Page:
© 2022 Boise State Public Radio
NPR in Idaho
Play Live Radio
Next Up:
Available On Air Stations

Lake Cascade has a toxic algae problem. Can better water management fix it?

Monica Gokey
Boise State Public Radio
Cascade dam.

Increasing toxic algae blooms in Lake Cascade have put a damper on water users in recent summers. The lake is more susceptible to harmful algae because it’s shallow, which makes it warm. Now, the Bureau of Reclamation wants to find out if they can manage the lake differently to reduce the problem.

A $308,200 federal grant will fund a study through 2023 evaluating how changes in water management — the timing and volume of water released throughout the upper Payette system — could improve water quality in Lake Cascade.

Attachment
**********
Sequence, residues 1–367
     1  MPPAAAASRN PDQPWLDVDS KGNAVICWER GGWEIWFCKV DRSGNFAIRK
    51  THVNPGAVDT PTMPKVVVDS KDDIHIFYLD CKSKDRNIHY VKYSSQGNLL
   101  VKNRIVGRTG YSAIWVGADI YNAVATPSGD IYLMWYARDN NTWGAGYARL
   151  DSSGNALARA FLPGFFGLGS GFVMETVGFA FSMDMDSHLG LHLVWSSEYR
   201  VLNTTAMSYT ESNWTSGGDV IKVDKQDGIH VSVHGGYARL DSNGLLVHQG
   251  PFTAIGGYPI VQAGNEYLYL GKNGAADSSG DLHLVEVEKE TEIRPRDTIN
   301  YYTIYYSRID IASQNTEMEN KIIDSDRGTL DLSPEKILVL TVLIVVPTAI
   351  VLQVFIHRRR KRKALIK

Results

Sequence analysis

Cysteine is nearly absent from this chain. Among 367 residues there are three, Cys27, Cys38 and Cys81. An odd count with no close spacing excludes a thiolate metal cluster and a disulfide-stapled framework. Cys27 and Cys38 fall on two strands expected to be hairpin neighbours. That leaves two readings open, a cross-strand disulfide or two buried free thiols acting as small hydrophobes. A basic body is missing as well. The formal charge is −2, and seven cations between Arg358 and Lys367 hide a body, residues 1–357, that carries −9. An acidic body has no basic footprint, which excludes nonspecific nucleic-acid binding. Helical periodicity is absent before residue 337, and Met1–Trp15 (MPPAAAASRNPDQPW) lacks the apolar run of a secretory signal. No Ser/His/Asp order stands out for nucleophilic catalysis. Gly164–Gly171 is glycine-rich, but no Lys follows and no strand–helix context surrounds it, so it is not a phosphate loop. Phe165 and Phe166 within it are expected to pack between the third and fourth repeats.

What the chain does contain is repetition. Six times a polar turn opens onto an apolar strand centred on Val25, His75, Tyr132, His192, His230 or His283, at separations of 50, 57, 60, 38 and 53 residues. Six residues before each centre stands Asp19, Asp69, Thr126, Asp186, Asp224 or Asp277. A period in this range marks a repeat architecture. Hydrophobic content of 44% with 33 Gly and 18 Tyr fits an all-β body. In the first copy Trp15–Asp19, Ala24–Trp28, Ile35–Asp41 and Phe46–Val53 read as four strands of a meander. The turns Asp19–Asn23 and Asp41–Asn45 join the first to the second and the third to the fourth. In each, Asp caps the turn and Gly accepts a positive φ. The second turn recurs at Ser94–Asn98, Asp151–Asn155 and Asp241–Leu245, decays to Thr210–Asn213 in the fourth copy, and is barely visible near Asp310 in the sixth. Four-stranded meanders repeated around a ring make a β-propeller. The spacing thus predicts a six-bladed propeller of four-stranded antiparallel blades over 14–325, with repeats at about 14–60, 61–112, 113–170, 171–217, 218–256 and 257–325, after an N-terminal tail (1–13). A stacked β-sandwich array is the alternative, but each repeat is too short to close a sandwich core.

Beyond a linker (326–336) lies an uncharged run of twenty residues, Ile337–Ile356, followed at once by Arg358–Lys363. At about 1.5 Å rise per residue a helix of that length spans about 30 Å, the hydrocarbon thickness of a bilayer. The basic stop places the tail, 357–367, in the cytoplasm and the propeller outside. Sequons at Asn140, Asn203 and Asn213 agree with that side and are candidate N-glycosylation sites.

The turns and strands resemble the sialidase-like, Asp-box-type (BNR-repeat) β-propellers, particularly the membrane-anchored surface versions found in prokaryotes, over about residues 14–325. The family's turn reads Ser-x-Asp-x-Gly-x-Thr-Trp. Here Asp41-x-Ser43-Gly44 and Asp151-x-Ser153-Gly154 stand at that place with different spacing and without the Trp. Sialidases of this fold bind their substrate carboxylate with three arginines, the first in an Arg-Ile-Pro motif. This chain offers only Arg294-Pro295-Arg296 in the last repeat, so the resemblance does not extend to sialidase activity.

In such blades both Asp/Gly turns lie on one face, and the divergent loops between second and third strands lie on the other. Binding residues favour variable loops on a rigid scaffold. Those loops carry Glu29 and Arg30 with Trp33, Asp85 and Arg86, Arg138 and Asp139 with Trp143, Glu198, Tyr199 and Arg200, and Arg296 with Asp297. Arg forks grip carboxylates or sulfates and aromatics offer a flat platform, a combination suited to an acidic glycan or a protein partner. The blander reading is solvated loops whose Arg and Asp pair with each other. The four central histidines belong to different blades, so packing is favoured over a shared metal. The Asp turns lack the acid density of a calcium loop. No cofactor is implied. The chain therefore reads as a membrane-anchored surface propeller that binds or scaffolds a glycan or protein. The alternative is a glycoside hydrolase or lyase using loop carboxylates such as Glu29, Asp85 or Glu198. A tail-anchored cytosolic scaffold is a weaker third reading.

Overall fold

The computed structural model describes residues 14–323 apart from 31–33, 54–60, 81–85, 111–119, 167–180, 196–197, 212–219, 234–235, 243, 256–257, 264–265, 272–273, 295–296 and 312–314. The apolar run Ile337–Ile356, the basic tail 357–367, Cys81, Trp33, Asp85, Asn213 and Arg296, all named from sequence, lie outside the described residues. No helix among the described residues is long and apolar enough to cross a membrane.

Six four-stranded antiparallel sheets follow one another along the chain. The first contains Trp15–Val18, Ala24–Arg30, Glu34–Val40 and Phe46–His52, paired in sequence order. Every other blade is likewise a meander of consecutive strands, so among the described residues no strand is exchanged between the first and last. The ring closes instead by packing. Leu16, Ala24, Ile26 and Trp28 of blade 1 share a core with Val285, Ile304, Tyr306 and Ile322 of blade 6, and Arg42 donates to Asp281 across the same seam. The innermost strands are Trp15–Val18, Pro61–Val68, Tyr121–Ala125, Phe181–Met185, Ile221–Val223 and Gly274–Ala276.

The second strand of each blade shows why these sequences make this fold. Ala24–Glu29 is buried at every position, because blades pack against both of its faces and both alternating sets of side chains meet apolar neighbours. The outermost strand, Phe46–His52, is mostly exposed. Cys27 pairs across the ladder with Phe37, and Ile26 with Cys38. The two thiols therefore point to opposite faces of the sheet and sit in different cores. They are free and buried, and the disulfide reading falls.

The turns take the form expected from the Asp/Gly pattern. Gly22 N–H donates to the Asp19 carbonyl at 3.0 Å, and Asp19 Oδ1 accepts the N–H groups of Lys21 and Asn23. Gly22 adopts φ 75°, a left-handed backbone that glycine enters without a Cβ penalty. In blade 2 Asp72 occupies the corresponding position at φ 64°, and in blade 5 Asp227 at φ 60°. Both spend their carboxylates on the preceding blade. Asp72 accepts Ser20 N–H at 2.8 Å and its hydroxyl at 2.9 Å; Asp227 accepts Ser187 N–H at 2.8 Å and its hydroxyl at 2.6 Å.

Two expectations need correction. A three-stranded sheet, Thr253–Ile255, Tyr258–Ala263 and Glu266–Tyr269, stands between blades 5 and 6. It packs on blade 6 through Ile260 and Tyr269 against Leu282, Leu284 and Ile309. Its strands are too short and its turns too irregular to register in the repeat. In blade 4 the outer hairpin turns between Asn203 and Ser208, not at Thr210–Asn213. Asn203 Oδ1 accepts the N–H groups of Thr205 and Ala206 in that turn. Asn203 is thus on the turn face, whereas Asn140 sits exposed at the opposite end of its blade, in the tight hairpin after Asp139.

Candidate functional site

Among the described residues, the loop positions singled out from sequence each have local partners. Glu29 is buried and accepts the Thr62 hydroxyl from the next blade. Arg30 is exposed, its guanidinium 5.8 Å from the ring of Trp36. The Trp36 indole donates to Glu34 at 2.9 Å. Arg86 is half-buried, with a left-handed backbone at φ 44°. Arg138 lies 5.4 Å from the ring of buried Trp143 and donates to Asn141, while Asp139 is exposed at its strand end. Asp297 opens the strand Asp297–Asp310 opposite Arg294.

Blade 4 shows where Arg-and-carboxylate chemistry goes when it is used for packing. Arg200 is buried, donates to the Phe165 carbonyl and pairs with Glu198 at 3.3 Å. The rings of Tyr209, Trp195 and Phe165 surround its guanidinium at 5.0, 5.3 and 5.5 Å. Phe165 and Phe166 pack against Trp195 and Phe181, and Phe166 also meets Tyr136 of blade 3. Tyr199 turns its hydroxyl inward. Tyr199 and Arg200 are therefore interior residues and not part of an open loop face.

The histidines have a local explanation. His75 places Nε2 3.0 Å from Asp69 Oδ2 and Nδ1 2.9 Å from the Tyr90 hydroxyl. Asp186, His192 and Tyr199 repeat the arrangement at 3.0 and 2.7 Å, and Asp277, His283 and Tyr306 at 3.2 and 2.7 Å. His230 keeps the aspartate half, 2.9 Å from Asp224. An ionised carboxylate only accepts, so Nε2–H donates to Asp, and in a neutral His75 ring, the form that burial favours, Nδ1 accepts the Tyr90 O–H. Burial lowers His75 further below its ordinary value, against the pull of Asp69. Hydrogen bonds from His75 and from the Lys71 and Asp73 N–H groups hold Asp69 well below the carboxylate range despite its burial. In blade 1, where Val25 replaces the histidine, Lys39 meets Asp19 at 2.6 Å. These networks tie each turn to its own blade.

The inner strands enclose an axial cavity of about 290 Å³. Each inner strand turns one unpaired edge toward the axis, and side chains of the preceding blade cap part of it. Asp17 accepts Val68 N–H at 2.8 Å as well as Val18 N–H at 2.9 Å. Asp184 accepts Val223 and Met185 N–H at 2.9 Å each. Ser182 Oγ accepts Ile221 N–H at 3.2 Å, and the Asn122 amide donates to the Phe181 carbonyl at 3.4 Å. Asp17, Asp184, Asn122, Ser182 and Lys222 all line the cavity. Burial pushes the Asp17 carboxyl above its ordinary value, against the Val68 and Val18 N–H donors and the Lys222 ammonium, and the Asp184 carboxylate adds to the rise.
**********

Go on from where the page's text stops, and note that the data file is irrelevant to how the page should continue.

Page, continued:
"Deadwood Dam, Black Canyon and Lake Cascade; these reservoirs and dams kind of operate as a system," said Christine Schuldheisz, public affairs officer with the Columbia-Pacific Northwest division of the Bureau of Reclamation.

According to Schuldheisz, computer modeling will help map.

"In any given year, how we operate the dam and the reservoirs, taking that data and figuring out where we can improve water quality," Schuldheisz said.

The bureau plans to involve other stakeholders who rely on the upper Payette River basin, including downstream irrigation districts, wildlife management and others in the conversation about any potential changes to water management.

Any recommendations resulting from the study would need to be federally reviewed before being implemented.

Troy Oppie is a reporter and local host of 'All Things Considered' for Boise State Public Radio News. He's also heard Saturday nights on Boise State Public Radio Music's Jazz Conversations.